"Twenty-three years ago we used 'gifted' and 'talented' as categorical attributes which, once declared were considered permanent characteristics. Now, in 2008, the field has moved on so that giftedness and talent are more properly thought of as individual differences that are in dynamic change across the life span. In this perspective gifted and talented behavior can appear at different points in development and once in evidence may or may not continue." (Frances Degen Horowitz)

"The definition of 'gifted' that I like the best focuses on exceptional learning needs requiring some kind of educational adaptation -- something like 'Exceptionally advanced in one subject or another such that accommodations must be made to the educational programming normally given.'" (Dona Matthews) [Hmmm... sounds a bit like a learning difference... ;o)]

"All children and adults have strengths, but not everyone has abilities that could lead to outstanding performance or the development of great ideas." (Rena Subotnik)

"The developmental theory I put forward is actually an attempt to re-frame the nature-nurture debate into a consideration of the interaction of constitutional and environmental variables as they affect development. I do not use the terms 'innate ability.' Rather, I prefer to think about individuals as having constitutional pre-dispositions. I think these pre-dispositions can certainly be nurtured." (FDH)

"We do not know if all of this can be 'taught' but I think it is fair to say that many of these behaviors can be nurtured. In some cases they will not develop without nurturance; in some cases these abilities appear to develop even in some not particularly nurturing contexts." (FDH)

"We are arguing that giftedness can be developed rather than taught." (RS)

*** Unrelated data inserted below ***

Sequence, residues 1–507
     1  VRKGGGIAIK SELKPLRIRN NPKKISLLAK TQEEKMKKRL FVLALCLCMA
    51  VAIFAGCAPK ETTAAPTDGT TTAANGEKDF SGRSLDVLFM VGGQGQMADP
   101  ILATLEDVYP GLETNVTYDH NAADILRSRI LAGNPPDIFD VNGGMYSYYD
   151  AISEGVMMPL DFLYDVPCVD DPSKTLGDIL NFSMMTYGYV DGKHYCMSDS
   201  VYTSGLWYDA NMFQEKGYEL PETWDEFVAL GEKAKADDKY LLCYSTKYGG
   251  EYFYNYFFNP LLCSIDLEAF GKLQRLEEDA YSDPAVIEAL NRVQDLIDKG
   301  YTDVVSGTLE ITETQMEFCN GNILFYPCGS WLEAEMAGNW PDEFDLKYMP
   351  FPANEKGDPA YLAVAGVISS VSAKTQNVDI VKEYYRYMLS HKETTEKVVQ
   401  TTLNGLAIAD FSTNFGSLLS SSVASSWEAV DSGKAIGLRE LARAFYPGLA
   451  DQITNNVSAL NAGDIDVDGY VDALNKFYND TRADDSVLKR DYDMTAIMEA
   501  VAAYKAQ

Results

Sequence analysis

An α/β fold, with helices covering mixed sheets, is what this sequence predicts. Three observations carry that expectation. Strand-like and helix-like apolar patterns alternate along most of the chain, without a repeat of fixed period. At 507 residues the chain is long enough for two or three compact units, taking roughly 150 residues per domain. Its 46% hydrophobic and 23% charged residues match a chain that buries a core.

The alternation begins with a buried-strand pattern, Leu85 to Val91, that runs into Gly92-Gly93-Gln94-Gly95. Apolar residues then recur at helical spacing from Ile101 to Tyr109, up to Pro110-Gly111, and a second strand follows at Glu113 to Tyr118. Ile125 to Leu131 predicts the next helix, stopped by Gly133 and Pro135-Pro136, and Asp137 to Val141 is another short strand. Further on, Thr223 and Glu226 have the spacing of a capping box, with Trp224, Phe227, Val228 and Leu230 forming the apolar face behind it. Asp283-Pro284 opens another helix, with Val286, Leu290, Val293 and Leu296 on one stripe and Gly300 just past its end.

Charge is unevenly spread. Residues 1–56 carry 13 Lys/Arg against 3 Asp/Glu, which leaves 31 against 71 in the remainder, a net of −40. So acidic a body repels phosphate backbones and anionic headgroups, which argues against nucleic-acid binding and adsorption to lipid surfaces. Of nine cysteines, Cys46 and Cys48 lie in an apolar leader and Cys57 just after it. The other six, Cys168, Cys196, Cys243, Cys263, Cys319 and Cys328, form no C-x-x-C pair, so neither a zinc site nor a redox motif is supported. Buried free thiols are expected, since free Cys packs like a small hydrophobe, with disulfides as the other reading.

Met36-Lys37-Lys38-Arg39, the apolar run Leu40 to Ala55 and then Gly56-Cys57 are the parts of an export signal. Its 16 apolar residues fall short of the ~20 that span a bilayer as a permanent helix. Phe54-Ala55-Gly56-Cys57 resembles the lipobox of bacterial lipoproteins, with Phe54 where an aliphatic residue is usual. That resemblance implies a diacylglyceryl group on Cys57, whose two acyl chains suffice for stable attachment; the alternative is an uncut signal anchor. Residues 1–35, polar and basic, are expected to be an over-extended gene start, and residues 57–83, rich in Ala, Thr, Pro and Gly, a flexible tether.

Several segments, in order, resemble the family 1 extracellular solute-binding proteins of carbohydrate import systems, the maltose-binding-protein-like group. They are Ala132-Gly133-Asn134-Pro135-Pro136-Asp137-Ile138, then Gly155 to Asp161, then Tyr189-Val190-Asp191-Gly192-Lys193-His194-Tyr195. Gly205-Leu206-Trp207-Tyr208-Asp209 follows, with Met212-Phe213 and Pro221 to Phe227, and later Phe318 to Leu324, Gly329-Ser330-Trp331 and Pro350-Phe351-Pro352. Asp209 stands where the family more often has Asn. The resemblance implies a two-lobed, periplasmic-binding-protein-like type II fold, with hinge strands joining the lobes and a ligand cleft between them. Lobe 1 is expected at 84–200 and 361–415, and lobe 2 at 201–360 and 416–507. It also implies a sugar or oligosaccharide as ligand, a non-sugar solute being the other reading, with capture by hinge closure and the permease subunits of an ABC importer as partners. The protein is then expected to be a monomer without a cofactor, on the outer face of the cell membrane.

"The paradigm shift that we discuss --away from a categorical perspective on giftedness, and toward a developmental one-- is a lot more palatable and politically acceptable, mostly because it effectively addresses traditional nay-sayers' misconceptions about giftedness." (DM)

"Exceptional abilities are developed and often nurtured and... giftedness is not a static characteristic over the life span." (FDH)

"Address whatever gifted learning needs you see developing in your children as they develop, understanding that development is uneven and variable over time, and that there are many important dimensions developing simultaneously, in addition to the cognitive, including emotional, social, and physical." (DM)

"The implications of what we are saying is that assessment for gifted and talented behavior should not be a one-time evaluation that results in labeling a child as gifted or not gifted then and forever after." (FDH)

"It seems to me we've got two major objectives in gifted education: (1) nurturing the abilities of those students who are exceptionally advanced relative to their age peers, and (2) fostering giftedness more broadly in diverse others. Both of these involve lots of teaching, but it's not about teaching kids to be gifted, more about LISTENING and RESPONDING, and then nurturing and fostering what we see needing to be developed in the kids." (DM)

"SPED generally is moving toward a much more dynamic and flexible approach to understanding learning differences, an approach that we need in gifted ed. Ultimately, it's all about finding a good learning match for every learner, right?" (DM)

It all reminds me of a statement that the professor for my "Assessment and Evaluation" class made one day. [This was maybe my sophomore year of undergrad... Why THIS random statement of his has stuck with me so clearly, I have no idea, but I've always remembered it...] He said, "You're a band, not a point." ...the essence being that any test or measurement can give a good general idea about a learner's abilities or understanding of a concept, but on any other given day the person would test a little bit differently. One day a child might come out as a 100 IQ, a few weeks later as a 98 IQ, and a few weeks after that as a 107 IQ. His point was that the results of any given test (assuming it is reliable and valid) should be considered a good general idea of a (reasonable) range rather than an exact, fixed point. It's the "-ish" factor. (Note that an individual "-ish" does not stretch across the entire spectrum!)